Personally, I identify with my last name, which is why I’m keeping it.  It isn’t some broad, political statement.  It’s simply because this name is who I am, and Tim (my fiancé) loves me – all of me – as a whole person, and that love includes my name and my desire to keep it.  And I feel the same way about him and his name, which is why, when he offered to change it for me, I said he shouldn’t do that unless he really identified with my name or a hyphenated/combo variant.  (He decided he didn’t identify with my name or a variant of our two names.  Hence, we are keeping our own.)  But, again, the discussion was about identities, not traditions and politics.

I do understand that the scenario of a woman changing her name to her husband’s name is completely different than someone changing her name to reflect their ethnicity or queer or trans* people changing their name to another in any situation.  I’m just trying to reinforce two things here: 1. Any kind of prescriptive feminism can be dangerous. When someone says “don’t ever change your name! It’s YOURS!”, they don’t often take into consideration other contexts. Yes, those contexts are totally different, but feminists telling other feminists what is the feminist thing to do often ends up being just as restrictive as the patriarchy we’re fighting against. And 2. Any choice is usually very personal, and if someone makes that choice after careful consideration of politics, larger moral issues, and smaller personal ones – which I believe Emily did before she came to her decision and wrote her post – and comes to the right choice for them and their identity after all that careful consideration, that should be ok. It’s when we start blindly making choices that it becomes a problem, whether those choices are made blindly reinforcing the patriarchy or blindly following “feminist doctrine.”


12 Comments
  1. August 2, 2010 1:26 pm

    I agree that there is no point being prescriptive about this issue, that

    For me changing your name when you marry a man (presuming you are a woman, because same sex marriage does come with other baggage) is not just about identity. Politics and tradition are a big part of the debate and definitely have informed my decision never to change my name in the unlikely event I’ll get married (my partner and I aren’t very enthusiastic about the institution), more so than identity. If you are getting married and make a considered decision to change your name – well that is your decision. But for a lot of women it isn’t an issue they examine, it’s an act they undertake by default. Personally, I could never change my name not because I have an aversion to my partner’s name, or that if I do I’ll feel that he has some sort of literal dominion over me or that I will lose my identity, but because I object to the tradition and what it represents. I can’t see how its sexist symbolism can be ignored.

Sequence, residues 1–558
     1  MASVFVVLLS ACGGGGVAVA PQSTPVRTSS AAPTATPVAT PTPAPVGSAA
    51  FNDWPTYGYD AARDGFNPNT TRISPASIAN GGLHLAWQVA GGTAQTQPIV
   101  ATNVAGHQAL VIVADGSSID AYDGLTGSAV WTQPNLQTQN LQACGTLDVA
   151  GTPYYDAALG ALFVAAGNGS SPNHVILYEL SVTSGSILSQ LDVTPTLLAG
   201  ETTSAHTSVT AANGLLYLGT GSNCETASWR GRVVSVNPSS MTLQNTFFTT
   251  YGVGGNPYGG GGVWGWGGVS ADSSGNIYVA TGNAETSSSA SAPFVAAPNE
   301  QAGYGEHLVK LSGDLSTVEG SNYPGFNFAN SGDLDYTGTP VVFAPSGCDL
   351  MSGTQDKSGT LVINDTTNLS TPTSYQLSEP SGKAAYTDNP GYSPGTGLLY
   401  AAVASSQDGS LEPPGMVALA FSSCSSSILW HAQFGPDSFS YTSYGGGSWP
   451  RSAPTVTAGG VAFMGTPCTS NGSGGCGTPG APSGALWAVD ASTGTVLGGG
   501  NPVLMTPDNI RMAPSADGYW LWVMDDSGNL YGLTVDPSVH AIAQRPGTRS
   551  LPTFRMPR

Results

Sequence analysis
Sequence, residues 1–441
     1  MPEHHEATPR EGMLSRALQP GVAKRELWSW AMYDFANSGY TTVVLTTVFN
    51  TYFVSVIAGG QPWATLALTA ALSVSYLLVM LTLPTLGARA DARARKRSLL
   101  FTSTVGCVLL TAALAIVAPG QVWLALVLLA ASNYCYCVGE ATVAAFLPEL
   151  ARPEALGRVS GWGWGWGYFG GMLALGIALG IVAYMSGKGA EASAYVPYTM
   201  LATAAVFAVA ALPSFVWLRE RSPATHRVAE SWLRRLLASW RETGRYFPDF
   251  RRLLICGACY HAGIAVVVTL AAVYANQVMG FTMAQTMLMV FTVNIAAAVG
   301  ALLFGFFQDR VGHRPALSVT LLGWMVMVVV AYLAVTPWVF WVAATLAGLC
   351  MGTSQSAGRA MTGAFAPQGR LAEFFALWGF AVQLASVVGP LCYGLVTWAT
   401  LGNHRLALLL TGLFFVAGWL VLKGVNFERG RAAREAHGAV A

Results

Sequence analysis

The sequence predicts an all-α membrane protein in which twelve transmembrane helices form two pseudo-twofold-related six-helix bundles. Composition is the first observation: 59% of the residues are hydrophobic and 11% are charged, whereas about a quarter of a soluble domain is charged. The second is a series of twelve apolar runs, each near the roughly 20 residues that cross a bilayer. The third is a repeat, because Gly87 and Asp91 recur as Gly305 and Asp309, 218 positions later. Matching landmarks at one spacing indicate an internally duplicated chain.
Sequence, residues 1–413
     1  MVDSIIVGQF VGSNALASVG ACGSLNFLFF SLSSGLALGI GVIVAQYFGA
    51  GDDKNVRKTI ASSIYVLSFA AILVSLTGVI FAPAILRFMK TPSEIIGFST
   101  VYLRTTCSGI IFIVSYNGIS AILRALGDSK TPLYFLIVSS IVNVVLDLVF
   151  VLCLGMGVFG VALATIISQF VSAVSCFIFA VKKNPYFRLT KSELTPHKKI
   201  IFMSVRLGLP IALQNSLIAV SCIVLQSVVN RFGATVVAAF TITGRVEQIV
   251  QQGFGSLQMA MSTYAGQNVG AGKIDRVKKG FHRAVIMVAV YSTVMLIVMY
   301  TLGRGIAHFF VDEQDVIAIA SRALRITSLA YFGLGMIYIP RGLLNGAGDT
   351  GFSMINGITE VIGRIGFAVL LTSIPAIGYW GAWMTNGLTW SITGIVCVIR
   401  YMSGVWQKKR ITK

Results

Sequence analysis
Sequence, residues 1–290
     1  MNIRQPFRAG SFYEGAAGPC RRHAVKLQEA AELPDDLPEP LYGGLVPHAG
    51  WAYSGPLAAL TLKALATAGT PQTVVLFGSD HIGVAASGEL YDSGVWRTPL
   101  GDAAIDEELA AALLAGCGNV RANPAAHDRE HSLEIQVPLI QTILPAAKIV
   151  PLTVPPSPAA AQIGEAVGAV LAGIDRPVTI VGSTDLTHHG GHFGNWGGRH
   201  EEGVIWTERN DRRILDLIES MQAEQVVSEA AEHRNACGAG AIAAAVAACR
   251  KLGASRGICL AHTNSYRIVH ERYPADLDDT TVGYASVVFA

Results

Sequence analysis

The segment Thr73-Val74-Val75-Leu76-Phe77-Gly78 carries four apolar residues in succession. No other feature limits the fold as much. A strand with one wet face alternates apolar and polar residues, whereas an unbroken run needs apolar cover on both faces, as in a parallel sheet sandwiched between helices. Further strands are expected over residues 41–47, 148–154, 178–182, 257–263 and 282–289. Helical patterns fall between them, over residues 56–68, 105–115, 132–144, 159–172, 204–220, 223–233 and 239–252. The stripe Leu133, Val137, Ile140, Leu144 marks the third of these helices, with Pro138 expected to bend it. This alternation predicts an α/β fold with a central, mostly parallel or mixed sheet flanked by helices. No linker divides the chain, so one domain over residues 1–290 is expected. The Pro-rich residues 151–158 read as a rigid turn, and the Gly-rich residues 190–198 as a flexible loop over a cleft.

2. August 2, 2010 2:05 pm

    What I wonder about is why there are no male sites with endless discussions whether men should abandon their names when they get married? Why is it still exclusively a female issue? Isn’t that inequality? What kind of a relationship can be built between two people where one is free from worry on this subject, while the other has to think, worry, argue, etc.? The whole idea that name change is for women only is humiliating. How can so many people who call themselves feminists not see that?

    • August 2, 2010 2:58 pm

      Unfortunately name-changing is almost exclusively an issue for women because our society has told us that men should not think about this. You said:

      What kind of a relationship can be built between two people where one is free from worry on this subject, while the other has to think, worry, argue, etc.?

      Are you saying that only some heterosexual relationships leading to marriage have to think about this? Only those who are “not feminist”? Not true at all. This is something that all women have to think about when she’s getting married (for heterosexual relationships). This decision is not avoidable because our culture has imprinted this standard on us.

      FYI the hoopla around Chelsea’s wedding is exploding–and some people are wondering–will she change her name? Or won’t she? Either way, the media is 1) not asking whether or not her husband will change his name; 2) will judge and attack her no matter what choices she makes. And THAT right there is sexism.

      What I didn’t mention in my post on Friday, was that my fiance offered to change his last name to my name or do a combo of our two names (Fillroy). It was a choice that I chose to make. I didn’t make it based on previous assumptions and what culture/society tells me; no, it was a long thought-out process to choose to take Fillingham as my last name.

      I find it disrespectful that people (not just you, Clarissa) are making assumptions about my relationship and choices, and can’t iterate Ashley’s post again. And again.